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January 24, 2007

Ashley Deming
Thunder Bay National Marine Sanctuary
(989) 356-8805, Ext. 39
Cathy Green
Thunder Bay National Marine Sanctuary
(989) 356-8805, Ext. 10


High school and junior high teams from around the Great Lakes will come together on April 28 to compete in the Marine Advanced Technology Education Center’s ROV Building Great Lakes regional competition, hosted by the staff of Thunder Bay National Marine Sanctuary in Alpena, Mich. This popular remotely operated vehicle (ROV) building contest pits teams against each other in competition for a chance to challenge other homemade underwater robots in MATE’s international finals in St. John’s, Newfoundland, Canada, in June 2007.

In this year’s competition, teams will design and build ROVs to perform against one another in real-world scenarios focused on operation in polar environments, in celebration of the International Polar Year. This is the sanctuary staff’s third year organizing the Great Lakes regional contest and it is one of the sanctuary’s best opportunities for promoting science education and encouraging students to care about the marine environment.

“This competition is an important component in our education efforts to inspire the next generation of underwater explorers,” said sanctuary education coordinator Cathy Green. “We are looking for additional teams from around the Great Lakes to compete in this challenging and fun event.”

In its sixth year, the MATE international ROV competition has grown to include dozens of teams from all over the United States and Canada. The ROV contest differs from other “robot war” challenges in that it is more than simply an engineering and construction challenge, said MATE competition organizer Jill Zande. The competition also teaches students to work together as a team and improve their communication and writing skills through different portions of the event.

“Beyond being fun and educational, these competitions connect students and educators with employers and working professionals from marine industries in a way that highlights opportunities in marine-related careers.  It also promotes the development of teamwork skills, problem solving, and critical thinking,” Zande said.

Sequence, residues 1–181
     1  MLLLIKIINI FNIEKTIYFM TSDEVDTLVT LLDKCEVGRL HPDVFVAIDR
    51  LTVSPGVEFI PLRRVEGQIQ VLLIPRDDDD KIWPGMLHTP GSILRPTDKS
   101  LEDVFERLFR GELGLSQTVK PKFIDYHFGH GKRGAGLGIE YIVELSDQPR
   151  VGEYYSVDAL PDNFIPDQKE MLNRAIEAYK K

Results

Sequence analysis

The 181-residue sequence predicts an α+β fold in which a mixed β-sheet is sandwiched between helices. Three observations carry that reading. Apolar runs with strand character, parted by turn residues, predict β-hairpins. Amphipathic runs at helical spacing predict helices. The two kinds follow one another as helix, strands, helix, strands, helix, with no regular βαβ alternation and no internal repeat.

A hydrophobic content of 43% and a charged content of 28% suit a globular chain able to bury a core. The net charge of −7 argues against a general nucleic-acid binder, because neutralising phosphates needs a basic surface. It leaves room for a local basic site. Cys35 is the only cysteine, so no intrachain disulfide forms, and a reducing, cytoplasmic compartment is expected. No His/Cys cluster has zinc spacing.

Registration for the event is open through Feb. 1, and interested 7th to 12th graders are encouraged to form teams and sign up for the competition online. Building specifications and mission scenarios, along with registration forms, are all available on the MATE Web site, For more information about the 2007 Great Lakes Regional ROV Competition, contact Ashley Deming or Cathy Green at (989) 356-8805, or visit the Thunder Bay National Marine Sanctuary Web site at

Thunder Bay National Marine Sanctuary was established in 2000 to protect an estimated 200 historically significant shipwrecks ranging from 19th-century wooden side-wheelers to 20th-century steel-hulled steamers. Located in Lake Huron, the 448-square-mile sanctuary brings to the American public the lore of Great Lakes maritime heritage through exploration, education and research.

NOAA’s National Marine Sanctuary Program seeks to increase the public awareness of America’s marine resources and maritime heritage by conducting scientific research, monitoring, exploration and educational programs. Today, the sanctuary program manages 13 national marine sanctuaries and one marine national monument that together encompass more than 150,000 square miles of America’s ocean and Great Lakes natural and cultural resources.

The National Oceanic and Atmospheric Administration, an agency of the U.S. Commerce Department, is celebrating 200 years of science and service to the nation. From the establishment of the Survey of the Coast in 1807 by Thomas Jefferson to the formation of the Weather Bureau and the Commission of Fish and Fisheries in the 1870s, much of America's scientific heritage is rooted in NOAA.

NOAA is dedicated to enhancing economic security and national safety through the prediction and research of weather and climate-related events and information service delivery for transportation, and by providing environmental stewardship of our nation's coastal and marine resources. Through the emerging Global Earth Observation System of Systems (GEOSS), NOAA is working with its federal partners, more than 60 countries and the European Commission to develop a global monitoring network that is as integrated as the planet it observes, predicts, and protects.

On the Internet:
MATE ROV Competition
NOAA's National Ocean Service
National Marine Sanctuary Program
Thunder Bay National Marine Sanctuary

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